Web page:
Build a Progressive Web App In VueJs

Build Progressive Web Apps with React

The State of Progressive Web Apps - The State of the Web

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JavaScript developers should you be using Web Workers?

JavaScript developers should you be using Web Workers?

Do you think JavaScript developers should be making more use of Web Workers to shift execution off of the main thread?

Originally published by David Gilbertson at https://medium.com

So, Web Workers. Those wonderful little critters that allow us to execute JavaScript off the main thread.

Also known as “no, you’re thinking of Service Workers”.

Photo by Caleb Jones on Unsplash

Before I get into the meat of the article, please sit for a lesson in how computers work:

Understood? Good.

For the red/green colourblind, let me explain. While a CPU is doing one thing, it can’t be doing another thing, which means you can’t sort a big array while a user scrolls the screen.

This is bad, if you have a big array and users with fingers.

Enter, Web Workers. These split open the atomic concept of a ‘CPU’ and allow us to think in terms of threads. We can use one thread to handle user-facing work like touch events and rendering the UI, and different threads to carry out all other work.

Check that out, the main thread is green the whole way through, ready to receive and respond to the gentle caress of a user.

You’re excited (I can tell), if we only have UI code on the main thread and all other code can go in a worker, things are going to be amazing (said the way Oprah would say it).

But cool your jets for just a moment, because websites are mostly about the UI — it’s why we have screens. And a lot of a user’s interactions with your site will be tapping on the screen, waiting for a response, reading, tapping, looking, reading, and so on.

So we can’t just say “here’s some JS that takes 20ms to run, chuck it on a thread”, we must think about where that execution time exists in the user’s world of tap, read, look, read, tap…

I like to boil this down to one specific question:

Is the user waiting anyway?

Imagine we have created some sort of git-repository-hosting website that shows all sorts of things about a repository. We have a cool feature called ‘issues’. A user can even click an ‘issues’ tab in our website to see a list of all issues relating to the repository. Groundbreaking!

When our users click this issues tab, the site is going to fetch the issue data, process it in some way — perhaps sort, or format dates, or work out which icon to show — then render the UI.

Inside the user’s computer, that’ll look exactly like this.

Look at that processing stage, locking up the main thread even though it has nothing to do with the UI! That’s terrible, in theory.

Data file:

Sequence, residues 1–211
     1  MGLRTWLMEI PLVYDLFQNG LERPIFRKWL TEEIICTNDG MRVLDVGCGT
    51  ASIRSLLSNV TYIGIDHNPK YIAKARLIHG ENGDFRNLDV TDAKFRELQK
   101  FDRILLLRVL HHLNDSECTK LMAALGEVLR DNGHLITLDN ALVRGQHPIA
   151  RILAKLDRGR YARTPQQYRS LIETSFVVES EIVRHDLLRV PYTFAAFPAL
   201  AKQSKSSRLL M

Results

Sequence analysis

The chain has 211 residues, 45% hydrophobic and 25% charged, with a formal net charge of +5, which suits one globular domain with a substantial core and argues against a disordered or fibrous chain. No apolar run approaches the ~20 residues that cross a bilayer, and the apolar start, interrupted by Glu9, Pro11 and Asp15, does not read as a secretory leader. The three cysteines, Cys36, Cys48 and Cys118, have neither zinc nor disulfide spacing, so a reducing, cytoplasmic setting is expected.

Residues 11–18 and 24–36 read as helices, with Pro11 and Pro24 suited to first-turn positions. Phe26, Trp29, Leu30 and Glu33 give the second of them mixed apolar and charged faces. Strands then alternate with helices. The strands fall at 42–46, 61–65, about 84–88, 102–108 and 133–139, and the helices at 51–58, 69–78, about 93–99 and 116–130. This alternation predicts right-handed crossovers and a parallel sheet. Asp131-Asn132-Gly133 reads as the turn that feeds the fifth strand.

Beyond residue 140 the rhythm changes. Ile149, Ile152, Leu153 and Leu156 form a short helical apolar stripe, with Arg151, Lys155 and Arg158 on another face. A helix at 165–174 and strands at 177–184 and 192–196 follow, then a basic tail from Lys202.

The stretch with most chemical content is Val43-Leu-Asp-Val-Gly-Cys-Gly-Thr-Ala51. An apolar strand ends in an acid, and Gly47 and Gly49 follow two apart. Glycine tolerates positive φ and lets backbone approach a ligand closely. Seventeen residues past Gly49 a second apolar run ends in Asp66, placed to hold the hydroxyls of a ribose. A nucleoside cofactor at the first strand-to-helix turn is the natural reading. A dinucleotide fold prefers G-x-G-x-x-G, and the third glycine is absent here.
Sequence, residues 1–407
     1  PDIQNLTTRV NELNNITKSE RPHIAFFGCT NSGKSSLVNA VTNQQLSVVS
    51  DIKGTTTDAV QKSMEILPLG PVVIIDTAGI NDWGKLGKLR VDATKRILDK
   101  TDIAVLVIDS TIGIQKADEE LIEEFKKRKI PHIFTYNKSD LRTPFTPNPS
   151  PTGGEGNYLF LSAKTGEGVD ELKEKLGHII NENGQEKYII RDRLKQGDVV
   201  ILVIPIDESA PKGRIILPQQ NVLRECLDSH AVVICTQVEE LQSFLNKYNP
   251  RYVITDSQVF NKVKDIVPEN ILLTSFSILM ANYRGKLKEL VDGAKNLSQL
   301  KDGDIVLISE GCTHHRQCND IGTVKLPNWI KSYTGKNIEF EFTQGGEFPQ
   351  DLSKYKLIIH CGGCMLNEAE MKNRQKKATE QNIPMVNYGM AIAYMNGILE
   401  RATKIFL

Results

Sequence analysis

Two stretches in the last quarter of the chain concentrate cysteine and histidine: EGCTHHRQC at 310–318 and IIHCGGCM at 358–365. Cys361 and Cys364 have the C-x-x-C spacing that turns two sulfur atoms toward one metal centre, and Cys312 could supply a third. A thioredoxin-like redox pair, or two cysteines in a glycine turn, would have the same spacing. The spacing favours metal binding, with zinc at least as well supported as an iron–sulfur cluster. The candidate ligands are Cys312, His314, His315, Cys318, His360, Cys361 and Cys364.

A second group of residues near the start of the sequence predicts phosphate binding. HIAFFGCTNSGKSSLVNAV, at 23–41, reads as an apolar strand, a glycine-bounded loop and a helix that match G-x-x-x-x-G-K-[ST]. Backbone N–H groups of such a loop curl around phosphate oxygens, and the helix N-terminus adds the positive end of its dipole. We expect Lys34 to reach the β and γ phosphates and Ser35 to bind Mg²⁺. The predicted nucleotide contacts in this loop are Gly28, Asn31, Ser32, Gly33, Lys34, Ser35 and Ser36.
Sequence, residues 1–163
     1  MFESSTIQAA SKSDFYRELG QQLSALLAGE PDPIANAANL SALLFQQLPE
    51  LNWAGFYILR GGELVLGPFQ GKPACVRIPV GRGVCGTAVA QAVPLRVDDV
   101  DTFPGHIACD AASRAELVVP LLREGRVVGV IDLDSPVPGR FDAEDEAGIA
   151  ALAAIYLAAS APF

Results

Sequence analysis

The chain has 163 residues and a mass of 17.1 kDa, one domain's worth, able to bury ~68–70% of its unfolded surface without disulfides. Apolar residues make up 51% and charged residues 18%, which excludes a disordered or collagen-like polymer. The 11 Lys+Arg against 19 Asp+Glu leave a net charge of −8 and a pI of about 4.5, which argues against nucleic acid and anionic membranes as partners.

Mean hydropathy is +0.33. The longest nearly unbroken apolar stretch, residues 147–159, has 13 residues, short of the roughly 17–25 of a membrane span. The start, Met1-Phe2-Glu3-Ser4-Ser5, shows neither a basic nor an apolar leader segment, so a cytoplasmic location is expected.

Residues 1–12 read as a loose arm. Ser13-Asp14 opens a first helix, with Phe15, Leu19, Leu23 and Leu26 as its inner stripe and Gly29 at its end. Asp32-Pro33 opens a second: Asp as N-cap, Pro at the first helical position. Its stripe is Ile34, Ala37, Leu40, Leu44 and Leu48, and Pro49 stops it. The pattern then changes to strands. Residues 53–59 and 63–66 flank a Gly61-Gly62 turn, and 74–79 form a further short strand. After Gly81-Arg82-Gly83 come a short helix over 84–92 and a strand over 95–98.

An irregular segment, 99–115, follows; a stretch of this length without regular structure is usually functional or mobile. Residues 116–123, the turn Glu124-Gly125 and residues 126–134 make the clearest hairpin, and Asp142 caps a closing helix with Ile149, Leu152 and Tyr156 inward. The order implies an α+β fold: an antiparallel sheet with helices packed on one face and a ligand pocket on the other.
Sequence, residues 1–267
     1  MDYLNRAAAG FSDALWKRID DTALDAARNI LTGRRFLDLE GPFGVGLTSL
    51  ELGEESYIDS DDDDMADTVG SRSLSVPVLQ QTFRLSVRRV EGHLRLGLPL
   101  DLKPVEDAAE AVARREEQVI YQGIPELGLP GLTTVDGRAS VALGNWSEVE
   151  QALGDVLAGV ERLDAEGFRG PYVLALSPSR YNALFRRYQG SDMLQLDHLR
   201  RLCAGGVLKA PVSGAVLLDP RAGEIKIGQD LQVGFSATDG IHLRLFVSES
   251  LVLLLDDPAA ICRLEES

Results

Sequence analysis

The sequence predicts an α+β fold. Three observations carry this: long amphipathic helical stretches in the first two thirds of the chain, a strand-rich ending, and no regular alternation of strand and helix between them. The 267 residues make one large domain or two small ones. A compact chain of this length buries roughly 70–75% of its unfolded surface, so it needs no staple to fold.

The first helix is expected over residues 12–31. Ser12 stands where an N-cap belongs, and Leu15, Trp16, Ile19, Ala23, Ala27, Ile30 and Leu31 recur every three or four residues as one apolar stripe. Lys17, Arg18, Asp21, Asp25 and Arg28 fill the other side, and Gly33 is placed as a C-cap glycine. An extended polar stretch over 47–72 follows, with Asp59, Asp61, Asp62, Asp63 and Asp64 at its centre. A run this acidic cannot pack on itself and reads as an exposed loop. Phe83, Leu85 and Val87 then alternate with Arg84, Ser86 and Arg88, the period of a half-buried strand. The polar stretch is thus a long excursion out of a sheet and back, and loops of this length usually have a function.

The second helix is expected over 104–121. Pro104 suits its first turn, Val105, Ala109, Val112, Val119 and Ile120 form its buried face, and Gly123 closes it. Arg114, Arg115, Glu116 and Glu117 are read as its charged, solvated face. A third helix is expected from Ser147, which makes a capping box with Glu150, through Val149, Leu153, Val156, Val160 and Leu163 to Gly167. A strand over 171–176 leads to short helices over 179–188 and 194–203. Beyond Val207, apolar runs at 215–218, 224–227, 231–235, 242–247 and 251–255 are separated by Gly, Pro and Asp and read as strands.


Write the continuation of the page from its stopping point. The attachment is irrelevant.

But think about what the human is actually doing at this point. They’re waiting for the common trio of network/process/render; just sittin’ around with less to do than the Bolivian Navy.

Because we care about our users, we show a loading indicator to let them know we’ve received their request and are working on it — putting the human in a ‘waiting’ state. Let’s add that to the diagram.

Now that we have a human in the picture, we can mix in a Web Worker and think about the impact it will have on their life:

Hmmm.

First thing to note is that we’re not doing anything in parallel. We need the data from the network before we process it, and we need to process the data before we can render the UI. The elapsed time doesn’t change.

(BTW, the time involved in moving data to a Web Worker and back is negligible: 1ms per 100 KB is a decent rule of thumb.)

So we can move work off the main thread and have a page that is responsive during that time, but to what end? If our user is sitting there looking at a spinner for 600ms, have we enriched their experience by having a responsive screen for the middle third?

No.

I’ve fudged these diagrams a little bit to make them the gorgeous specimens of graphic design that they are, but they’re not really to scale.

When responding to a user request, you’ll find that the network and DOM-manipulating part of any given task take much, much longer than the pure-JS data processing part.

I saw an article recently making the case that updating a Redux store was a good candidate for Web Workers because it’s not UI work (and non-UI work doesn’t belong on the main thread).

Chucking the data processing over to a worker thread sounds sensible, but the idea struck me as a little, umm, academic.

First, let’s split instances of ‘updating a store’ into two categories: